About Donaghadee

Donaghadee is a town in County Down situated on the east coast, about 18 miles from Belfast. It lies on the Ards Peninsula about five miles south east of Bangor.

Donaghadee is probably best known for its lighthouse and harbour, there’s been a harbour at Donaghadee (or the ‘Dee) since at least the 17th century. Construction of the current harbour began in 1821, initially under John Rennie and completed by his son, also known as John Rennie. The harbour was designed to be deep enough for ships plying the 20-mile crossing of the Irish Sea to Portpatrick in south-west Scotland.

The harbour is constructed from limestone from the Moelfre quaries of Angelsey in north Wales, though the outer walls are the local grawacke blasted from a nearby quarry (where Copeland’s Marina is now). The Moat in Donaghadee was built to house the explosives for this blasting. The harbour is made up of two independent piers and these days is used mostly by pleasure craft. It is also home to Donaghadee RNLI Lifeboat Station.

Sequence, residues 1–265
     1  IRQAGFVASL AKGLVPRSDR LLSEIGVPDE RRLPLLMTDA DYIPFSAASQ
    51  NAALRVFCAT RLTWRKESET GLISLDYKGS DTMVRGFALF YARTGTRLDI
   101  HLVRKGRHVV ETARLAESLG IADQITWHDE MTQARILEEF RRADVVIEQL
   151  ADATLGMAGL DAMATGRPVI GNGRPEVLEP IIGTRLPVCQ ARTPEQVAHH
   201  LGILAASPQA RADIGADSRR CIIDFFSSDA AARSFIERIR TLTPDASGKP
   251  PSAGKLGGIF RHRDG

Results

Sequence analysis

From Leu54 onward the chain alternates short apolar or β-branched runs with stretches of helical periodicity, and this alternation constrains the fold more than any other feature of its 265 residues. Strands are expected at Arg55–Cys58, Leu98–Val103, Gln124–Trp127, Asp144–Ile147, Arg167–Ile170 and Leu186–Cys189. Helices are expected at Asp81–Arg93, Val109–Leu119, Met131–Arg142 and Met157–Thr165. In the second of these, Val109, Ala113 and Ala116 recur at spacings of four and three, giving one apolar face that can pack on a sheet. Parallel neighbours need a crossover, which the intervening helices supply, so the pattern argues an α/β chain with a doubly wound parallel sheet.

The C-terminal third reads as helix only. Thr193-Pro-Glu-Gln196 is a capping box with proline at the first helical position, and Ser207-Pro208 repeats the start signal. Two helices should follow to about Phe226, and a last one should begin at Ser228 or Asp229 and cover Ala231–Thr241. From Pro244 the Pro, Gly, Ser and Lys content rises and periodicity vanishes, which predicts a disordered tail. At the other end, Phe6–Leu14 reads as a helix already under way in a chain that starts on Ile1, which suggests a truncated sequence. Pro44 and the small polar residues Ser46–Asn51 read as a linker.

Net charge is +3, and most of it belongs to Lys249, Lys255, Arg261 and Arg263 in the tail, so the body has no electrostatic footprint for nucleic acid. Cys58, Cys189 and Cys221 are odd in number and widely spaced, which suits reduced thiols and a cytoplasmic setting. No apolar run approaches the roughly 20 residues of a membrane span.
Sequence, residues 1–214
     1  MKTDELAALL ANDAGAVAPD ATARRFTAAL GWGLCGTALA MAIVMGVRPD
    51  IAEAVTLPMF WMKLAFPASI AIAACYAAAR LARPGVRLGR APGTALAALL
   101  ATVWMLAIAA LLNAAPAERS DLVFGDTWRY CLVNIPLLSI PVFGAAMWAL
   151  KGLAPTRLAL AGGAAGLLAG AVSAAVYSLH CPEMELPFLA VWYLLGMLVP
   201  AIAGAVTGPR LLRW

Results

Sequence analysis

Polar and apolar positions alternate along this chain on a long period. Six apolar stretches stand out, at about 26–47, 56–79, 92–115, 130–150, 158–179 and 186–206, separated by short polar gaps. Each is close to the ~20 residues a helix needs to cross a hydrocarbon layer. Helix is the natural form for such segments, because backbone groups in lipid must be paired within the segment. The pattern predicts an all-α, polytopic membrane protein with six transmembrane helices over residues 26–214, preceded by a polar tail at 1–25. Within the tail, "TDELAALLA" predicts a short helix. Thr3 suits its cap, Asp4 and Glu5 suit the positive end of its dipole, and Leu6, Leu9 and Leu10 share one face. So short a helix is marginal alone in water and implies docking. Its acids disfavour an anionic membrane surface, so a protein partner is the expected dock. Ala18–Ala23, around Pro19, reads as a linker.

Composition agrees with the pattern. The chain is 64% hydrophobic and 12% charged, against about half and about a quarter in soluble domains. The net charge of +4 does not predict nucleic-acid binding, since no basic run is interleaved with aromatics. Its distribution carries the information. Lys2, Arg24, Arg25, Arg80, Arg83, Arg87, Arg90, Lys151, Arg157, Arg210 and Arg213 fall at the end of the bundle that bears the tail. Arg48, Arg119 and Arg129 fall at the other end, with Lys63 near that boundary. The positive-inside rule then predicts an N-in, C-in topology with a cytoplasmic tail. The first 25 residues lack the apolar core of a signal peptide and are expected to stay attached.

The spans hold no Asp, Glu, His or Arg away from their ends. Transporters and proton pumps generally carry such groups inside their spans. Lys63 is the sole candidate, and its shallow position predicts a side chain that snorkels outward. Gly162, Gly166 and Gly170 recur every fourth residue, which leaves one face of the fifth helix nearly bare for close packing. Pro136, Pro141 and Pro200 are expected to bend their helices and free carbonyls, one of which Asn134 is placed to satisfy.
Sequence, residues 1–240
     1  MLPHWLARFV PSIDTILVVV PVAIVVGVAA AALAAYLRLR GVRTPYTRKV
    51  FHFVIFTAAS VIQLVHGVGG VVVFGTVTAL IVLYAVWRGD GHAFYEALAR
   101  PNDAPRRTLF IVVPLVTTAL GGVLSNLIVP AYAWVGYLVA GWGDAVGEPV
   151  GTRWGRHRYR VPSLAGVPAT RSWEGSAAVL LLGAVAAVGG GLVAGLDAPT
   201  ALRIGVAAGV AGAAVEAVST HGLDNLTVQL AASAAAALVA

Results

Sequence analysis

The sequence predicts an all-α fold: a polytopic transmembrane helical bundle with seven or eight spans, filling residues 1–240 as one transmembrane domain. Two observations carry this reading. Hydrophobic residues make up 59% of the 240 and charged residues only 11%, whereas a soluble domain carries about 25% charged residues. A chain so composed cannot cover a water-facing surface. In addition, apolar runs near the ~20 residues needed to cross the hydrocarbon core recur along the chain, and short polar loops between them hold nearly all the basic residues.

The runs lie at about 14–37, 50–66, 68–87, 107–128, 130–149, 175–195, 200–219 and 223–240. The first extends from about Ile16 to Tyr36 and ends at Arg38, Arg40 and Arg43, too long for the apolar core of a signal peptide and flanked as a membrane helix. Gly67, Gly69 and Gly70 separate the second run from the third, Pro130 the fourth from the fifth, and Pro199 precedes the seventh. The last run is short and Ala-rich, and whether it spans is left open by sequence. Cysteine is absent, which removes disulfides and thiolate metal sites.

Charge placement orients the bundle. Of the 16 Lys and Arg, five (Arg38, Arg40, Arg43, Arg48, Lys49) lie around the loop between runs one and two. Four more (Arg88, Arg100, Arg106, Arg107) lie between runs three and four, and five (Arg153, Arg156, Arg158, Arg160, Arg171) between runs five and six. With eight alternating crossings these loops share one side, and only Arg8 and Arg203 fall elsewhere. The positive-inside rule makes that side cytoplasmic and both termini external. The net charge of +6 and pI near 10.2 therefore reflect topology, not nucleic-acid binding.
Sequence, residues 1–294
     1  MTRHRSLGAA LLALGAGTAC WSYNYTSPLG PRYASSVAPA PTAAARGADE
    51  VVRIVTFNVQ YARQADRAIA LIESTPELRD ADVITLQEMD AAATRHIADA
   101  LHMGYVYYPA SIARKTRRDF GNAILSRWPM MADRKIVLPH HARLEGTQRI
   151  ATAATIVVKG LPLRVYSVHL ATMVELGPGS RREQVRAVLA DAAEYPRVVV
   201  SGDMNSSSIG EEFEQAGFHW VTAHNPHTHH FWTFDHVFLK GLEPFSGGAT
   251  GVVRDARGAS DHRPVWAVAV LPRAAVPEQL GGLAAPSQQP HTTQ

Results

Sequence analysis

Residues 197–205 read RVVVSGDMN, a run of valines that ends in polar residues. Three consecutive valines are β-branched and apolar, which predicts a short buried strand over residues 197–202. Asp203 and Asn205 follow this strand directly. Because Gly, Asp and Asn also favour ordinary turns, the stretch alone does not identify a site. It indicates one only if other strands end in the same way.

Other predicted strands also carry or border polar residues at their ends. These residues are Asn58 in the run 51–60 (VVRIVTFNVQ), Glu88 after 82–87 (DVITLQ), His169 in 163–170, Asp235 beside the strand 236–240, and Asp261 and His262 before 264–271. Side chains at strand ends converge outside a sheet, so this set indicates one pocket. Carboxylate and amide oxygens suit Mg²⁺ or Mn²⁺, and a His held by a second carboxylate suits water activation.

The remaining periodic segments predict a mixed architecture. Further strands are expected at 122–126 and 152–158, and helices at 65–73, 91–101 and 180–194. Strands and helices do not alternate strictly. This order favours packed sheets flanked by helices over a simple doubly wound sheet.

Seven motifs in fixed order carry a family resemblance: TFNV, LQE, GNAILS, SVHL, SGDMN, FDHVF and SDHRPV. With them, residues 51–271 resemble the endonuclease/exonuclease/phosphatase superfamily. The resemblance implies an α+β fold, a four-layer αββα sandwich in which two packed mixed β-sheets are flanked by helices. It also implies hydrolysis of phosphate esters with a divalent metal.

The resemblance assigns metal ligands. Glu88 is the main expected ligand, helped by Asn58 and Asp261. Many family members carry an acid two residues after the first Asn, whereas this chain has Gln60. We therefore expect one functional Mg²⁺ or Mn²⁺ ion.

Grace Neills, in the centre of Donaghadee, is according to the Guinness Book of Records, Ireland’s oldest public house opened in 1611 as the ‘King’s Arms’.

The town has grown considerably in recent years with much residential development being a dormitory town of the greater Belfast area. Well served by good pubs and restaurants, there is also regeneration of the retail trade with craft shops, art galleries and antique shops becoming more numerous in addition to traditional businesses.

A recently created play area at the harbour replacing the old paddling pools has become a huge hit with young and old alike.

Sport is well catered for with an 18 hole golf course, rugby club, tennis club, bowling club and sailing club to name a few.